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jasonk

Large Venison Roast

8 posts in this topic

I would like to grill/smoke a large chunk of rear quarter off of a buck. I am thinking an all day slow roast. It is about 5 pounds I would guess (the whole back "ham"). Any suggestions? Marinade it? Rub it? etc.

Thanks

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I don't think you would be to happy with the results as venison needs to be cooked rare or it gets very tuff and dry. But what the heck give it a try.

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If you do some searching in here there are some good crockpot recipes that work well with venison (also good with goose breasts)and keep it juicy.

For an easy meal we do some of these:

1-2# venision, cubed

2 Cans of cream of mushroom soup

1 packet onion soup mix

Splash of red wine, optional

Put on low all day, serve over egg noodles

---------------------------------

2-3# Venison Roast

Large can of beef broth

1 cut up onion

Garlic, optional

Cook roast on low all day, can be sliced and served or shreded for sandwiches. Sometimes we'll make gravy out of the juice and have mashed potatoes.

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If you brine it and pump it, the slow smoke will be good. Other wise I would grill it too. In steaks, but other wise, I would also crock pot it or place it in a roster with spuds at 225 at the most. Season it to your likes as you set it up. Good luck!

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Thanks for the replies. I wasn't clear enough with my first post. I have a grill with a smoke box on the side that I will be using to cook this. I am just worried with such a large chunk of meat that the outside will be black and the inside raw. Tips to avoid this? Or am I asking for trouble trying to do this with naturally dry venison?

Thanks again for any info

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I have a similar if not the same grill as you. I think what you are looking at doing probably isn't going to work the best for you. Cooking low and slow on the grill like you are talking can only be done if you brine the roast, and even then it could still dry out pretty bad. Venison is a very lean meat and the fat in pork and beef are what make it moist and tender.

If I were you I would consider something different with it. One thing I enjoy doing with roasts, mine are generally cut up smaller for this purpose, is make some deer steak fajitas. Cut the roast accross the grain about 1/2" thick, and then slice the steaks into strips about 1/2"x1/2" by whatever the length is. Throw that in the fridge with a marinade, I use Lawry's 30 minute Baja Chipotle, and while that is in the fridge, cut up your veggies. Cook your veggies down until they are tender, switch them over to a mixing bowl and set aside, quick cook your deer steak strips to a medium doneness, drain excess juices and toss your veggies back in. Mix together and serve it up with all the fixings. I promise, you will make it more than one time. Invite the friends over and have a couple barley pops with it. Very tasty stuff there.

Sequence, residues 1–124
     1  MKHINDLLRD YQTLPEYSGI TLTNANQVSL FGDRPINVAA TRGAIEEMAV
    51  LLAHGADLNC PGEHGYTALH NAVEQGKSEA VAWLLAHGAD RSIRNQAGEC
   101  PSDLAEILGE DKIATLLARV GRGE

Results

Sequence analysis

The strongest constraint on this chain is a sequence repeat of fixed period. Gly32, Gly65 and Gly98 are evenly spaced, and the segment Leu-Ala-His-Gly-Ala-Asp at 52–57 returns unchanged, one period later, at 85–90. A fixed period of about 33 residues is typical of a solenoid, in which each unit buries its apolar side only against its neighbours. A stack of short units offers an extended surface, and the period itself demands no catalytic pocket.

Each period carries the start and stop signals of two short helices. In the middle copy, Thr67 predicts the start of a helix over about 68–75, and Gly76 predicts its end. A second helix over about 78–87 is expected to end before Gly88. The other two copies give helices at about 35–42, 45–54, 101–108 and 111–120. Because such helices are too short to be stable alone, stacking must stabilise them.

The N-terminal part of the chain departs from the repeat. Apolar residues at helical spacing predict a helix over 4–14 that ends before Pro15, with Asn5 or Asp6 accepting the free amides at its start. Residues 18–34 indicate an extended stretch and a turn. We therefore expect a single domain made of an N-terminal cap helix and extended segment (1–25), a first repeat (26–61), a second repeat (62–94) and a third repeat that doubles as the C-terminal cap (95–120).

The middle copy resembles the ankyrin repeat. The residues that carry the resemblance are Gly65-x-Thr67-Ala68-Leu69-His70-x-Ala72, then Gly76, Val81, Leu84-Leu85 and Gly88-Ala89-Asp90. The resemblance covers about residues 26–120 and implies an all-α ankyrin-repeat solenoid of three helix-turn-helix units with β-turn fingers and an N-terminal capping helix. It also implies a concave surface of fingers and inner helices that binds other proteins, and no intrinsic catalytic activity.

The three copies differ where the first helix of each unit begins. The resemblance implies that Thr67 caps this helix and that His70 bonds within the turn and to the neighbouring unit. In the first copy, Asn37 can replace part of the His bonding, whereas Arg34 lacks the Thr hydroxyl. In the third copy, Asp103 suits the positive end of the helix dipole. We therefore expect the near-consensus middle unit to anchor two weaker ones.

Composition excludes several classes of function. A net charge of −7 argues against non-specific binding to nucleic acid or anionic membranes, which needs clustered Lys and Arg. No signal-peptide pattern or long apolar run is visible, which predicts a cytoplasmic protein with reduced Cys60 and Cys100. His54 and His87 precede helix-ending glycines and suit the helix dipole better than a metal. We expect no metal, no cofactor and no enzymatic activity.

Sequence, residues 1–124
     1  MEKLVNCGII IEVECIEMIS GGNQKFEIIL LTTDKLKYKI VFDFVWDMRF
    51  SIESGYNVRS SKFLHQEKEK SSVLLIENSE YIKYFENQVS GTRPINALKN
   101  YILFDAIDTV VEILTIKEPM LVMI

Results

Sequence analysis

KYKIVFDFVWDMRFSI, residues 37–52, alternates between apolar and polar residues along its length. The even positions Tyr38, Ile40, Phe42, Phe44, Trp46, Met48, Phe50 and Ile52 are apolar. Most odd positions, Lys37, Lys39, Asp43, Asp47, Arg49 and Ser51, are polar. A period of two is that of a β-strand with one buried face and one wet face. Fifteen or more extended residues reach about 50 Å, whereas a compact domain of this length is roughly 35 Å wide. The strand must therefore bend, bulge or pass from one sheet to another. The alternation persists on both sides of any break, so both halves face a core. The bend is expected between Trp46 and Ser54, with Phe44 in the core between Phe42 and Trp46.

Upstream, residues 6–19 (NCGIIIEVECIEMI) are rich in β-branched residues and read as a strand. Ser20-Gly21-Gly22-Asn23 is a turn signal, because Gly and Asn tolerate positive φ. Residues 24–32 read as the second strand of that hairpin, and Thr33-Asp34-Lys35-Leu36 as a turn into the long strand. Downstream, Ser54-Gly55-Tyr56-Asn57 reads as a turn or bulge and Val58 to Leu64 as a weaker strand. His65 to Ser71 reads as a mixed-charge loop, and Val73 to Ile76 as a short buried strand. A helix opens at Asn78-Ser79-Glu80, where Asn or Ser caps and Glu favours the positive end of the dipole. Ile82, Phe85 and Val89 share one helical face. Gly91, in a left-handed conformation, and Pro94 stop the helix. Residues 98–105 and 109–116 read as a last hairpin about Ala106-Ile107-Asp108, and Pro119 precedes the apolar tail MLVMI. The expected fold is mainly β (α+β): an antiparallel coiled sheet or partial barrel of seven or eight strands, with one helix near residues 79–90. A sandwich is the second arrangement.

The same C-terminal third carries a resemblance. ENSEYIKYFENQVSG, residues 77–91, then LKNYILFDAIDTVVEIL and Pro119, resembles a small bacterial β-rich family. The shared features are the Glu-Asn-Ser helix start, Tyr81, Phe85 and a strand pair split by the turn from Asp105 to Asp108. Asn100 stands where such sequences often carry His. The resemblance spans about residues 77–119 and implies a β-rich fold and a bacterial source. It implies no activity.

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Debone and remove as much tallow and silver/blue membrane as possible.

Gather the quarter and tie or use a butchers sock.

Got a favorite dry rub? Mix it with water or apple juice and inject the quarter. Or one of the store bought injection marinades will work. Now apply a dry rub to the outside of the quarter. Let the quarter warm to room temp.

Lay smoked bacon over the quarter. This will help it from drying, not so much by adding fat but by it covering the meat. It will add flavor from the pork fat and the nitrites that will transfer from the beacon.

Lay on a rack and smoke at 200 degrees. This will be indirect heat. Apply wood for smoke.

Let it go till internal temp hits 120 degrees.

You'll move the quarter onto heavy duty tinfoil and wrap up the quarter tight and sealed with a cup or so of what ever you injected with. You don't want any juices to escape.

You can bump the temp up a bit but keep it under 300 degrees and indirect heat.

Depending on what your looking for is what you bring that internal temp up to. I'd go to 170.

Remove the quarter and let rest. Mean while take the juices and (important)separate the the fat(tallow). Then reduce the juices over the stove till thickened.

Note: This will not be a ham. If you want ham you'll be curing the meat and the steps are very different.

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